By Anna Khan
The writer works at a venture capital firm in New York. She is an honour’s graduate of Stanford University
Pakistan embodies a strange contradiction when it comes to women in positions of power and influence. On one hand, the country boasts a female ambassador to the US, speaker of the House, foreign minister and the first female prime minister of a Muslim state. On the other hand, we are plagued with dowry abuse, domestic violence and acid throwing incidents. How can these two parallels coexist within one nation? Personally, I can only speak of the imbalance in the business world, especially in the field of technology. The current state of women in technology can be framed around two key points: fundamentals of the business and the influence of socialisation.
In fundamentals of the business, unsurprisingly, there are certain gendered traits that help men succeed in this industry.
a) Gut response: The capitalist ’gut’, although overzealously hyped, often turns out to be true. There is a certain feeling you get the minute a team walks in, the way it introduces its first slide, and the way it answers tough questions that gives you a sense of its ability to execute plans. It is hard to trust that gut because so often it is saturated with bias; but that bias is also a proxy for experience. Women need to trust that experience as much as men do and then not look back and second-guess their actions.
b) Risk and reward: It is not a secret that engaging in venture capitalism is a risky business. You can be a safe investor and be very metrics driven (which helps), but at the core of it, you are investing money in a premature, greenfield market space — one that is ripe for reward but also very susceptible to failure. I do not necessarily believe women are inherently risk averse. I have met many who are not. However, the way women measure themselves often becomes more about them as individuals and less about them as investors. According to a recent study on the ways in which women measure themselves, researchers discovered that when women suffered poorly on tests, they blamed themselves.
‘We could have done better. We could have studied harder.’
The majority of men, however, blamed the test itself.
‘The test was too hard. The questions weren’t phrased well.’
Everyone makes poor investments; it is part and parcel of the job. Often, it is the market that did not play out well, a team that did not perform, or other external factors that have little to do with the investor who called the shots. Women need to internalise that reality.
c) Building networks: Women are good at building relationships — it is part of their innate ability to nurture that comes with giving birth and raising a family. Women have, for the most part, been able to connect with individuals with ease and warmth. But men are better at networking in a professional setting. A core aspect of building networks is asking for favours, and with favours comes indebtedness. Women fear indebtedness. Networks exist for the sole purpose of the ‘you scratch my back, I scratch yours’ mantra. If women do not ask for favours, they are bestowed with fewer. They need to ask for more help. It will make them stronger, not weaker.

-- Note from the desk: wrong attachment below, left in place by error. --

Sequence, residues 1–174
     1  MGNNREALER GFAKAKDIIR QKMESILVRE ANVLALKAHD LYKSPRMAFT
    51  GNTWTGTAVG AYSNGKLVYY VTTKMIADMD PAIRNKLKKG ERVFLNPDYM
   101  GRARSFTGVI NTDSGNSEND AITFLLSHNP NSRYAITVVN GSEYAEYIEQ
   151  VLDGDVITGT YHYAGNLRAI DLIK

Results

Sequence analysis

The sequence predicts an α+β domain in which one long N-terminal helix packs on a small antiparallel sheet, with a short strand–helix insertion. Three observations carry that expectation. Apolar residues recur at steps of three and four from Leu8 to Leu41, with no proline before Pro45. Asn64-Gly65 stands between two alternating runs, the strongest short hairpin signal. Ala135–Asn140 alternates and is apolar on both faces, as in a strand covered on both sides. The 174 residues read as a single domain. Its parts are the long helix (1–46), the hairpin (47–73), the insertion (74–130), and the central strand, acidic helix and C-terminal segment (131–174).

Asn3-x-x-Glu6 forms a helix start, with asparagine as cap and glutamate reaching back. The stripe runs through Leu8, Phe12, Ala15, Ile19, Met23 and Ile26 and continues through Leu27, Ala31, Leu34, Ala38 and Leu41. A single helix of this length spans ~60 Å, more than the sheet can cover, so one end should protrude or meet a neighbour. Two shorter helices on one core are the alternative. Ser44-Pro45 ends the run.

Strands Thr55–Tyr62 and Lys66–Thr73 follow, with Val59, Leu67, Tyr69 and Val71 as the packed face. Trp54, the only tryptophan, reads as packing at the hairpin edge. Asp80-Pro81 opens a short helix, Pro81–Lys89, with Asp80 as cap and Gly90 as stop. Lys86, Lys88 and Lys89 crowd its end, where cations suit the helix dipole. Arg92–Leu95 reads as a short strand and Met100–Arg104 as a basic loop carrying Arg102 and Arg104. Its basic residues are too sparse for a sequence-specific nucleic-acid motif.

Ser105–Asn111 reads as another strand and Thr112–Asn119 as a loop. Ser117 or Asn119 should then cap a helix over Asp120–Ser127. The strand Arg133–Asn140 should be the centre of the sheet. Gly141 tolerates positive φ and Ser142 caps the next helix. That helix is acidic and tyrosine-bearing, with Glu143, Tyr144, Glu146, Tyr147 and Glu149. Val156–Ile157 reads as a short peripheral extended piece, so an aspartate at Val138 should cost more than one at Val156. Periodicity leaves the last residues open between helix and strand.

The second key point mentioned earlier, was the influence of socialisation. Socialisation is a generational trend and when underestimated, is hard to work past. In the US, financial services (Wall Street) and advertising (Madison Avenue), were not only dominated by men, but were also infamously toxic places to work in. The trends that developed in both industries were extremely hard to overcome due to years of an embedded environment. The role of the secretary did as much good as it did harm. It let women into the proverbial ‘door’ but then locked them up in that specific role with little upward or lateral mobility.
Technology and venture investing (although an offshoot of financial services), can avoid this generational influence. This industry is relatively new but ‘women-ready’ roles have already started settling in: community managers, sales executives, marketing vice-presidents. I admire and respect the women in these roles and the influence they have in their respective companies — but I am afraid these roles are becoming gendered. Technology is a dynamic and fluid ecosystem and women’s roles should follow a similarly fluid trajectory.
Gendered roles are one part of the problem. The other is the label fallacy we are propagating in our schools and colleges. I know it is important to intentionally create pathways for young girls to succeed — but how many times do they have to hear that it is incredible that a girl is majoring in mechanical engineering or computer science? How many times do they have to hear from their friends that being the only female engineer on Company X’s product team is a feat worth being lauded for? These feats should be intrinsic and accepted widely.
Women in my generation (18 to 35 years) can make an effort to project positive experiences about the technology industry for younger women (still in middle or high school). College, although many would disagree, is not the problem. The real problem and space for improvement is in middle and high school. If we start early, we protect girls from the influence of socialisation and point instead to role models who have affected change in society.